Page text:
Let's make it clear from the outset: this game is not for everyone. If you're easily offended by off-colour jokes, gags in poor taste, vulgarity or material that might be deemed NSFW (Not Safe For Work) then this game is most definitely not for you. It's marked as an 'adult game' and tho' some may judge some of the humour as juvenile, it certainly isn't suitable for children. Game of Ham is unashamedly a party game aimed at the point in the evening when players have had a few drinks and are up for some raucous and/or risqué banter.
Game of Ham follows firmly in the footsteps of Cards Against Humanity. You'll be using the ham-pink cards in your hand to complete the sentence or query on a grey prompt card and a player will judge which is the wittiest or most audacious suggestion. The game box comes packed full of grey prompt and pink suggestion cards, so if that's all you want from the game then there's enough in the box to see you through a dozen or more parties without ever seeing the same card twice!
Designer Bill S. Naim doesn't just leave at that. The box also includes a modular double-sided game board that can be assembled in numerous combinations. It also includes coloured cards which set out special effects that can advance your counter or send it back. The grey prompt cards each show a number on them as well as a letter (H, A or M). Win a card (by having your pink card chosen as the best response) and you get to move your token the number of spaces indicated on the board. Land on a coloured space and you get to take the action shown on the relevant colour card. Collect a set of prompt cards that spell HAM and you get to negate the effect of a coloured card. This all makes for a simple race game, diceless but otherwise recognisable by anyone who has ever played Snakes & Ladders (Chutes & Ladders). Nevertheless, within the context of where and when you're likely to play it, it's a game that offers some scope for tactical manoeuvring.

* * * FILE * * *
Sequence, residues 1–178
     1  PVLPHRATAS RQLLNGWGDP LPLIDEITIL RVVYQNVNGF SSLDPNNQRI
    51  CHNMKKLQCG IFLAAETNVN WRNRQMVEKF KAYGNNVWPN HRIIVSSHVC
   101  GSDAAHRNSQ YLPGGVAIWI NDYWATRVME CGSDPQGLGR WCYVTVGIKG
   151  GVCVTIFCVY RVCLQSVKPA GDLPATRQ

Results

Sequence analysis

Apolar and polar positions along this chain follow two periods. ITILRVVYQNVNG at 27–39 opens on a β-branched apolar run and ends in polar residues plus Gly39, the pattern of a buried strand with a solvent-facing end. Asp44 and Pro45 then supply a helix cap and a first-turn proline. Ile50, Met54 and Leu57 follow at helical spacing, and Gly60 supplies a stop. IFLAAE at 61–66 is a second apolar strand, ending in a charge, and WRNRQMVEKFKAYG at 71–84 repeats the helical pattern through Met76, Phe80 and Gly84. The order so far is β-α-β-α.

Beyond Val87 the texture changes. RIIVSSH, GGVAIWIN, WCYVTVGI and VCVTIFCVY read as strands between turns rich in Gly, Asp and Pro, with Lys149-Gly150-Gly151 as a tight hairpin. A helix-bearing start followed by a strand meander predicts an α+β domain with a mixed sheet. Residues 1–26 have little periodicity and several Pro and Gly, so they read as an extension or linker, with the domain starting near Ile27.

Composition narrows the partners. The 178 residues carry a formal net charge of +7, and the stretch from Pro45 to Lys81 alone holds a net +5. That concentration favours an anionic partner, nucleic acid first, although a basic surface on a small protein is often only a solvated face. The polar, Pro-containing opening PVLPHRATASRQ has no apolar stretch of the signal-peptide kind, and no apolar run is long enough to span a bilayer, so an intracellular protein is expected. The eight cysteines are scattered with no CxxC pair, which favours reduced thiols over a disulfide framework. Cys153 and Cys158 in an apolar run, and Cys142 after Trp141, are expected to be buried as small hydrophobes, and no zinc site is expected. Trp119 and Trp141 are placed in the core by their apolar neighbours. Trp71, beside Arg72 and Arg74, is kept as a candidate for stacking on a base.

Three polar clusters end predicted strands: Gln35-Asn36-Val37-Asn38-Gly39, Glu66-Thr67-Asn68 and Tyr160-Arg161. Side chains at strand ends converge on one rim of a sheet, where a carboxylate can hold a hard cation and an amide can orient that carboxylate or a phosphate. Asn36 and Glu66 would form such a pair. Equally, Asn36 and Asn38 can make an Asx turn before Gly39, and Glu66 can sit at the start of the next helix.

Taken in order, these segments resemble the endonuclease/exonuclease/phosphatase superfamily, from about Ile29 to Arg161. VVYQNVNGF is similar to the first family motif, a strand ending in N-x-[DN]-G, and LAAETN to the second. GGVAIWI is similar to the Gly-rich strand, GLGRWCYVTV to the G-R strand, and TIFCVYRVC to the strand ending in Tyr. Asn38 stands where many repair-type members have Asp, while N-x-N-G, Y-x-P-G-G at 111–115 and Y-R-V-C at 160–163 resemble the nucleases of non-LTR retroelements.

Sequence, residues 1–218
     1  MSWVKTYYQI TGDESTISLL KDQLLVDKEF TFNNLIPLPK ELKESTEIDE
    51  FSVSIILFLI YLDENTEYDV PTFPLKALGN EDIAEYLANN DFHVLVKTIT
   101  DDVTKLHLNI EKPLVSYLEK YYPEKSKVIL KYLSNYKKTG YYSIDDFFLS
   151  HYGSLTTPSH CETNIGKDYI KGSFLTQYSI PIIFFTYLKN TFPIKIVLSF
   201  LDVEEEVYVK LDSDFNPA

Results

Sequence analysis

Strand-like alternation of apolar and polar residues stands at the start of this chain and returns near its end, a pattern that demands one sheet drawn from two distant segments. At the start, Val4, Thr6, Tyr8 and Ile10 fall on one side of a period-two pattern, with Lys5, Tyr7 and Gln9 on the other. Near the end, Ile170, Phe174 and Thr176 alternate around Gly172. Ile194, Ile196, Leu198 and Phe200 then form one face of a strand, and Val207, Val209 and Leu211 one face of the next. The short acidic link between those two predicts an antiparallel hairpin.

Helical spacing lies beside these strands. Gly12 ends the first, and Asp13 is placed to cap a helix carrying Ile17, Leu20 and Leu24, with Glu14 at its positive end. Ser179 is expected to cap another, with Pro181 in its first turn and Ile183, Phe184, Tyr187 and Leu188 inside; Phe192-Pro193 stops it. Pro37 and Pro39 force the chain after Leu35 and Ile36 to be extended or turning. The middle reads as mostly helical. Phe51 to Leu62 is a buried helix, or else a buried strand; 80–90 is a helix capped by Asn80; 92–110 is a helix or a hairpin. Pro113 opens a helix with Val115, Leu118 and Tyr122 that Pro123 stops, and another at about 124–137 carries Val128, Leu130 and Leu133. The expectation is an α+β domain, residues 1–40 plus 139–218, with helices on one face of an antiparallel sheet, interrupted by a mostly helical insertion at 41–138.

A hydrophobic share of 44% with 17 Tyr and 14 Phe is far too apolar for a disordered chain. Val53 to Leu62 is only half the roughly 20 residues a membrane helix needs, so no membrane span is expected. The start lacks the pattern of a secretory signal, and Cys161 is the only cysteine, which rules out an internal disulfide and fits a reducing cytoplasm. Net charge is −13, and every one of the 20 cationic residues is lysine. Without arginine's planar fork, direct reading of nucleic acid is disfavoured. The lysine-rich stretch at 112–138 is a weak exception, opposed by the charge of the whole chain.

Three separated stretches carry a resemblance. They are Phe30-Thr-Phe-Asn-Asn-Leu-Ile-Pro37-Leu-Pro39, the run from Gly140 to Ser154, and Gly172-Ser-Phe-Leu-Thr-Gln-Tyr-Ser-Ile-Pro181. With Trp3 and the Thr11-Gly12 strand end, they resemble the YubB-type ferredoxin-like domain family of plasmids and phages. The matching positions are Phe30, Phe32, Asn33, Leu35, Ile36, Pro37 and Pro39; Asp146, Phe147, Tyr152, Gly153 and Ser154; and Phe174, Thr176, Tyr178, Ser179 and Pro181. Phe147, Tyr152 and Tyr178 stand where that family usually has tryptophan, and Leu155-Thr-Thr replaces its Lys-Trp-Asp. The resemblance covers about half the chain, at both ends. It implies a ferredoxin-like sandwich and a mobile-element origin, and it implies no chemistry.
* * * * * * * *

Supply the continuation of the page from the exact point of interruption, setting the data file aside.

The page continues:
And there's more... The rulebook contains so many variants and options, with and without the board, that it's perhaps best to think of Game of Ham not as a single game but as a toolkit for play. You'll want to choose how you want to play and just explain those rules: the sort of party where you'll be playing this game is unlikely to be an appropriate place to sit down with folk and have them read and choose between a myriad of rule sets. To be honest, several of the rules options risk overly complicating what remains, at its heart, a light ice-breaker party activity but gamers will appreciate that it's good to at least be presented with all the options.
And if you are treating Game of Ham as a toolkit to create your own pick & mix game then it is indeed possible to turn it into a game that would be suitable for work, children and maiden aunts: you'd just have to do a lot of careful butchery deboning the decks to take out all the cards that might be taken as offensive or in poor taste. You'll be editing out a lot of cards, but, to be fair, Game of Ham comes with such a large selection that you'll still have ample left for a milder game!